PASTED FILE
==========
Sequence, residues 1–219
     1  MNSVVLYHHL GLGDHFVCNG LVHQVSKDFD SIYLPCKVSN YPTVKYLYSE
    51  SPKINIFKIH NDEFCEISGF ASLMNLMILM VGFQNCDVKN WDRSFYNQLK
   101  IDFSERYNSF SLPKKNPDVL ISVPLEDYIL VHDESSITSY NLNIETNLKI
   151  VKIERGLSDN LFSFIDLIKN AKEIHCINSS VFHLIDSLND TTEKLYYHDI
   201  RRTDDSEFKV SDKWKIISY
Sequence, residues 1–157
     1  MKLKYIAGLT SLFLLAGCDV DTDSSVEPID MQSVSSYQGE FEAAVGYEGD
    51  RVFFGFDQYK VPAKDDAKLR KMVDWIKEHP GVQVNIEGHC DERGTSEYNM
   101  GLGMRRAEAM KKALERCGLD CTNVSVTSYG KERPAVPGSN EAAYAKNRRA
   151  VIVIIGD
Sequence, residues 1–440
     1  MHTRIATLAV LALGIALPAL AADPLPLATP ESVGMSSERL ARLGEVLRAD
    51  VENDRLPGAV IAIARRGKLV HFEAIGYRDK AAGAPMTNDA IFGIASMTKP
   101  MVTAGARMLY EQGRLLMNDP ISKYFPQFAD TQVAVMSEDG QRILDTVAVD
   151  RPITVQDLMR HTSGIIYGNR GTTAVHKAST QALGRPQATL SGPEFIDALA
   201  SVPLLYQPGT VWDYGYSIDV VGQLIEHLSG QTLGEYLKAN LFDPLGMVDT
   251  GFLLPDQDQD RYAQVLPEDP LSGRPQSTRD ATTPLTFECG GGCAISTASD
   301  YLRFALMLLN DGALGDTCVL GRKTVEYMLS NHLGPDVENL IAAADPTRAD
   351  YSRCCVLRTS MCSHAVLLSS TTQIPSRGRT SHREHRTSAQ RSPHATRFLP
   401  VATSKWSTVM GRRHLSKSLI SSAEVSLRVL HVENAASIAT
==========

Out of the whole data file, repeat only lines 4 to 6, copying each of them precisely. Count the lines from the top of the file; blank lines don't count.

   101  IDFSERYNSF SLPKKNPDVL ISVPLEDYIL VHDESSITSY NLNIETNLKI
   151  VKIERGLSDN LFSFIDLIKN AKEIHCINSS VFHLIDSLND TTEKLYYHDI
   201  RRTDDSEFKV SDKWKIISY